[7] In any place.

[8] Or has acted or conducted himself.

[9] Or act or conduct.

[10] Under the circumstances.

[11] Or in whose presence the act or conduct took place.

[12] This is a departure from the general rule that, for a person to be guilty of an offence of incitement, he must have intended to influence the mind of another person towards committing an offence. S v Nkosiyana and Another [1966] 4 All SA 456 (A) 459. R v Segale and Others [1960] 1 All SA 456 (A) 461.

[13] Under the circumstances.

[14] As natural and probable consequences.

[15] The provision states “it might reasonably be expected,” not “he might reasonably have expected.”

[16] R v Maxaulana [1953] 2 All SA 146 (E) 148. (This and the case cited below were decided under the prior Act’s substantially identical provision: Riotous Assemblies and Criminal Law Amendment Act 1914 s 7.)

[17] R v Radu [1953] 2 All SA 155 (E) 158. The state must prove the act may reasonably be expected to lead naturally and probably to commission of public violence. (Reasonable doubt is for the benefit of the accused.)

(The provision does not require the State to prove the accused’s act resulted in violence. Nor does it require that public violence be the inevitable, or only, consequence of his act. Ibid.)

[18] A blameworthy state of mind. As a rule, criminal liability requires fault in that to be convicted the accused should have mens rea (a guilty mind). (Actus non facit reum nisi mens sit rea. An act does not make [the doer] guilty unless the mind be guilty. Black’s Law Dictionary.)

[19] See S v Coetzee and Others 1997 (4) BCLR 437 (CC) par [177] per O’Regan J.

[20] Law of South Africa op cit: General principles: Strict liability: Statutory offences par 111 at fnn 77–83; ibid, Statutory offences: Principles of general application: Principle of mens rea par 359 fnn 11–13).

[21] The only common-law crimes for which negligence suffices are culpable homicide (S v Van As 1976 2 SA 921 (A) 927–928; Law of South Africa op cit: Common-law crimes: Crimes against the person: Culpable homicide par 243), and contempt of court by a newspaper editor (S v Harber 1988 4 All SA 496 (A) 506; Law of South Africa ibid: General principles: Mens rea or culpability: Negligence par 98).

[22] To name but a few statutory offences which require only negligence to ground a conviction:

Negligent driving (National Road Traffic Act 93 of 1996 s 63(1): S v Shimbarta [1966] 2 All SA 69 (N) 74);

Sale of contaminated foodstuffs (Local Government Ord 21 of 1942 (N) s 197(1)(f); Durban Food By-laws 1950, bylaw 18(c): Amal Bev Inds Natal (Pty) Ltd v Durban City Council [1994] 2 All SA 222 (A) 230–231);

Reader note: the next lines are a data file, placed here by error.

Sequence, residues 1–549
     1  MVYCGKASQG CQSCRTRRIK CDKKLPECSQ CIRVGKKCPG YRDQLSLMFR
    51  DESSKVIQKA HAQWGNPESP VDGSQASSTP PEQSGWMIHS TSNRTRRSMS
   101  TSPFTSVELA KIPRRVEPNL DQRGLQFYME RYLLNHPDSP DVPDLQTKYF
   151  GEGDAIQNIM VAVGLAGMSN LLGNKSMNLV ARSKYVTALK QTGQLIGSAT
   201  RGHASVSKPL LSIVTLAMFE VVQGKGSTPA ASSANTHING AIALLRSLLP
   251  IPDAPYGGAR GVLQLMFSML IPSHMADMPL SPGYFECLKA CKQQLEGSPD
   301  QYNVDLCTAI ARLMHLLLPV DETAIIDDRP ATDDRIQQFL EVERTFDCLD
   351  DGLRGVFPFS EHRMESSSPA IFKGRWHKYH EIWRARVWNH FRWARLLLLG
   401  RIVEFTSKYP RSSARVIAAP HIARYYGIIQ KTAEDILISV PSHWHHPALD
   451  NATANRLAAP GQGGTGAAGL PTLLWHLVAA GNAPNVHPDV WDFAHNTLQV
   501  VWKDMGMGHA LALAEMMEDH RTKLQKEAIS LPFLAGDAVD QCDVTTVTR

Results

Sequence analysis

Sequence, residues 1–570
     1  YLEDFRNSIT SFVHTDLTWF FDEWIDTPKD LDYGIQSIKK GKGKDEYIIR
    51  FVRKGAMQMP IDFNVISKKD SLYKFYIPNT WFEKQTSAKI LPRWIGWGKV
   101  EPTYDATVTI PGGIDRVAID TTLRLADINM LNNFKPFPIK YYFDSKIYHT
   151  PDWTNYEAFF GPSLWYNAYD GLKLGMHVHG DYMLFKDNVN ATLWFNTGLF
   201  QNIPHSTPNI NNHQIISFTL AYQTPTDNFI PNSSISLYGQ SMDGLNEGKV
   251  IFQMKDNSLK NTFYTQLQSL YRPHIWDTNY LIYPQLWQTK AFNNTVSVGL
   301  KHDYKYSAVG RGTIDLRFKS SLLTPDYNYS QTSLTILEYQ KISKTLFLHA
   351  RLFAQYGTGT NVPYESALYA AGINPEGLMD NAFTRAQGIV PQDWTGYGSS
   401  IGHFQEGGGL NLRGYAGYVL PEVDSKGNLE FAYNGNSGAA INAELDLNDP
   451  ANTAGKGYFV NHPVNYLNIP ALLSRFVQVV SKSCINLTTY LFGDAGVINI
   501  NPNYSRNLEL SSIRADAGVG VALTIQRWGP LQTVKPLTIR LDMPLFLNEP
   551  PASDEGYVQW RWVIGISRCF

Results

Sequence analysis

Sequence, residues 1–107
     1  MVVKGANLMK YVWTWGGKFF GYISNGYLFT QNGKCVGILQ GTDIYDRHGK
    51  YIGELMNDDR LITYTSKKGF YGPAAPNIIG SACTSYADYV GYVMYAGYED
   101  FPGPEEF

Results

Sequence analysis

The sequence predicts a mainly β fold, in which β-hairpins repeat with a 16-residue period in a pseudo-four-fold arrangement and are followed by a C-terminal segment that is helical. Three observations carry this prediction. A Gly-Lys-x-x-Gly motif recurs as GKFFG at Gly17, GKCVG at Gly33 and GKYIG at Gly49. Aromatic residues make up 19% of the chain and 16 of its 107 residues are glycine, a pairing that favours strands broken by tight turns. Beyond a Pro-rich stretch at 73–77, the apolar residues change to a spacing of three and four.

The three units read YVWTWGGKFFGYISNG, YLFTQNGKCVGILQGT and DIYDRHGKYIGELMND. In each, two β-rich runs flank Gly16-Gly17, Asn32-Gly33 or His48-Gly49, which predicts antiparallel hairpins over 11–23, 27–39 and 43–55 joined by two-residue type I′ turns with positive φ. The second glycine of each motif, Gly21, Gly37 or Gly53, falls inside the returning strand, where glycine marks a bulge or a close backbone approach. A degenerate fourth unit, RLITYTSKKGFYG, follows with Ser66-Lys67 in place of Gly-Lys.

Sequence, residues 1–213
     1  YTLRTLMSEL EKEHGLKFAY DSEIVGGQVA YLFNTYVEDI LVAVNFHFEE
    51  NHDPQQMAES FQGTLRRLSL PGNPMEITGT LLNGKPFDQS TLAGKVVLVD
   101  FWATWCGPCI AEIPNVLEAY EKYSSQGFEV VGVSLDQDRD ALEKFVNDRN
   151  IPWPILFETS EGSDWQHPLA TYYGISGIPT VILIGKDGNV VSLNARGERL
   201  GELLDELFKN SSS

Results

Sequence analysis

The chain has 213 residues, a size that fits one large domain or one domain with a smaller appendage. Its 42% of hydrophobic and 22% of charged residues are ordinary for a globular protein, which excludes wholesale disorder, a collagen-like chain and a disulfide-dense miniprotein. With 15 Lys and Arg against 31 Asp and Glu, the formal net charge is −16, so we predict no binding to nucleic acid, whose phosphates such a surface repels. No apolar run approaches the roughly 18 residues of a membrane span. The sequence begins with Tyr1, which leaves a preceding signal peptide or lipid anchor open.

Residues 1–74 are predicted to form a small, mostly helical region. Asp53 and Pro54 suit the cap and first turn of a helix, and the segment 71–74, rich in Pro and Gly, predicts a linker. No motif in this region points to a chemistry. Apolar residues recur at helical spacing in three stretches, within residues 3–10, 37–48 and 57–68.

Unlawful possession of a firearm (Arms and Ammunition Act 28 of 1937 ss 4(1), 30(e): S v Duma [1970] 1 All SA 63 (N)) 70 (believing it to be a toy).

(For other examples see Law of South Africa ibid par 98 fn 3.)

[23] Declaration of Delhi, 1959: International Commission of Jurists. The Rule of Law in a Free Society (report on international congress of jurists held in New Delhi on 5–10 January 1959) p 314. Conclusions: First Committee: The Legislative and the Rule of Law): cl 4(e).

[24] Or has acted or conducted himself.

[25] Or act or conduct.

[26] By members of the public generally or persons to whom the speech or publication was addressed.

[27] Constitution of the Republic of South Africa, 1996, Ch 1 (Founding provisions) s 1(c).

[28] Or in ordinary laws.

[29] Freedman, D W, Law of South Africa vol 5(3) 2ed repl vol, “Constitutional Law: Structures of Government” para 7 fn 14 (citing Currie & De Waal, The New Constitutional and Administrative Law, 2001, p 73).

[30] Or ordinary laws.

[31] Constitution Ch 2 (Bill of rights) s 16(1).

[32] Constitution s 16(2)(b).

[33] Constitution s 16(2)(c).

[34] Except perhaps insofar as it applies to incitement of other than imminent violence or advocacy of hatred based on grounds other than race, ethnicity, gender or religion constituting incitement to cause harm.

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Gary Moore

Gary Moore BA LL.B. (Witwatersrand) LL.M. (UC London) is a South African lawyer and Senior Researcher at the Free Market Foundation.